Wednesday

28th Jul 2021

Former French PM to work for Russian oil firm

  • Fillon was a French presidential candidate in 2017 (Photo: UMP)

Former French prime minister François Fillon is preparing to work for a Russian oil firm, in just the latest case of EU-Russia revolving doors.

Fillon, who led the French government between 2007 and 2012, was nominated to join the board of Russian state-owned firm Zarubezhneft, according to a Russian government notice published on Friday (11 June).

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The move has not yet been confirmed and the government notice mentioned other candidates.

It listed Fillon as president of a consulting firm called Apteras.

Zarubezhneft deals with fossil fuel extraction in Algeria, Cuba, and Syria.

Meanwhile, the 67-year old French politician also attended the St Petersburg Economic Forum, a Russian symposium, last week, even though Russia's borders were meant to be closed to French people, French newspaper Le Monde reported.

Fillon called EU sanctions on Russia, imposed over its invasion of Ukraine in 2014, "stupid and illegal" while he was there, Le Monde added.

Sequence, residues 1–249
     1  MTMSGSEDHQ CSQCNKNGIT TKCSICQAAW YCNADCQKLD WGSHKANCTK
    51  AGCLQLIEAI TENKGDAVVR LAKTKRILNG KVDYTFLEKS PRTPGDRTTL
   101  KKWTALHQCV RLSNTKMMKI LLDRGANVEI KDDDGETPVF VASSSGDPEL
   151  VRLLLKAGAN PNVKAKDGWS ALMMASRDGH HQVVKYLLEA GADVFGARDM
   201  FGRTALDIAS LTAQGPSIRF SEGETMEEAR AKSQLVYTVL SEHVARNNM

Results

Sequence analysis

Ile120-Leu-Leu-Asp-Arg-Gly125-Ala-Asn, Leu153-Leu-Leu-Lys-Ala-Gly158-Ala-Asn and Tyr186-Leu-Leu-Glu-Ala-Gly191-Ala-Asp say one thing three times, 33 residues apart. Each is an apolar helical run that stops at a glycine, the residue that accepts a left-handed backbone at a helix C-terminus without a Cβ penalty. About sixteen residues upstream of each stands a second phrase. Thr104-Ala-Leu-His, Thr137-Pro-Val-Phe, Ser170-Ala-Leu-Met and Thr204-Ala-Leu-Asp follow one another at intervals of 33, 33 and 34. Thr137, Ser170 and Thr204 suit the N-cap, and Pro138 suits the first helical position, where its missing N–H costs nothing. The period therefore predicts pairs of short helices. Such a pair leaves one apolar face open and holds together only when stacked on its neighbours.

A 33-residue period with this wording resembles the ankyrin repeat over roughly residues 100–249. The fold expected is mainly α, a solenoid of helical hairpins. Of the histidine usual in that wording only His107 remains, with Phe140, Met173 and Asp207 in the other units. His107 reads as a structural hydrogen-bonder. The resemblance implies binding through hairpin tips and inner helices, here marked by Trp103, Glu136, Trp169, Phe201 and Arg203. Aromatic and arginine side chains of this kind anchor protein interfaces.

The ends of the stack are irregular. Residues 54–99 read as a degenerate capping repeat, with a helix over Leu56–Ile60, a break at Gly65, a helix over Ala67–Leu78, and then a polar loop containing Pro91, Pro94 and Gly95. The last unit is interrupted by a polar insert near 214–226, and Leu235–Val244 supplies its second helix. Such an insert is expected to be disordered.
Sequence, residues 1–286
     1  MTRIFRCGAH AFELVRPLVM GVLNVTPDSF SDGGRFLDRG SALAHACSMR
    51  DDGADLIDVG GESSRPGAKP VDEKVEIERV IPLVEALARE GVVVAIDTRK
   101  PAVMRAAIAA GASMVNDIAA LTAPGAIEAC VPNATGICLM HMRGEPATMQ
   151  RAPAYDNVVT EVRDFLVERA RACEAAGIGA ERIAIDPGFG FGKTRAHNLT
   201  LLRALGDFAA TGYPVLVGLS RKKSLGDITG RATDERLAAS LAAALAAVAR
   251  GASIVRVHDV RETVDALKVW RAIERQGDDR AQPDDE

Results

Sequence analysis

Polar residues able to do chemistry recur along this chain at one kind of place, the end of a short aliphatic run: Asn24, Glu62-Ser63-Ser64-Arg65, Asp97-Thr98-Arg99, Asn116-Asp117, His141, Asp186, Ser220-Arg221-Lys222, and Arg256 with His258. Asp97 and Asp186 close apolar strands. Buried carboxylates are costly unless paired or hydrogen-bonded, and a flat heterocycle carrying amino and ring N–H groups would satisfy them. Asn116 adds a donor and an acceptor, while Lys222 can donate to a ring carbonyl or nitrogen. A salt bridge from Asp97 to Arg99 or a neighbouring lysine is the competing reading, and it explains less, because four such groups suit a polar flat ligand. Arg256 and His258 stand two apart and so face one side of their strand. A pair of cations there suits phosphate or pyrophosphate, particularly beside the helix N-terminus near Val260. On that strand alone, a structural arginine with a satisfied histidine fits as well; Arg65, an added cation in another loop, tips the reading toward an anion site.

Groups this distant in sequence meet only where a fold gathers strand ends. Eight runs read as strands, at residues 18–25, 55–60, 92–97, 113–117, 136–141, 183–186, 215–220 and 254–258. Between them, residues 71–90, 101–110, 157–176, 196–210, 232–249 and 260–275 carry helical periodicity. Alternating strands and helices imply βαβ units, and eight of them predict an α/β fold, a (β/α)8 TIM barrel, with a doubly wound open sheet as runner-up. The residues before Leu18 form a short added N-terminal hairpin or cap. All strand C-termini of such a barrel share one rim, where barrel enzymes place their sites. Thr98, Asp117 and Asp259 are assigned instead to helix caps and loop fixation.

Meanwhile, his upcoming Russia oil job was vilified by left-wing and liberal French politicians.

"Money ... rots everything, corrupts even the conscience of men", Olivier Faure, the chairman of the French Socialist Party, said.

"Could you imagine general de Gaulle being paid by the Russian state?", Nathalie Loiseau, a French senior MEP in the liberal Renew group in the European Parliament also said, referring to former French leader Charles de Gaulle.

Fillon had, in any case, earlier disgraced himself by embezzling state funds via fake jobs for his relatives - a crime of which he was convicted in 2020.

He also had a track record of verbally attacking EU sanctions on Russia back when he was in still in office as prime minister.

Former German chancellor Gerhard Schröder, who is now a lobbyist for Russian firm Gazprom, is the best known case of a senior EU politician who went to work for the Kremlin.

But the list also includes several Austrian names, including Austria's ex-chancellors Christian Kern and Wolfgang Schüssel, its ex-foreign minister, Karin Kneissl, and ex-finance minister, Jörg Schelling.

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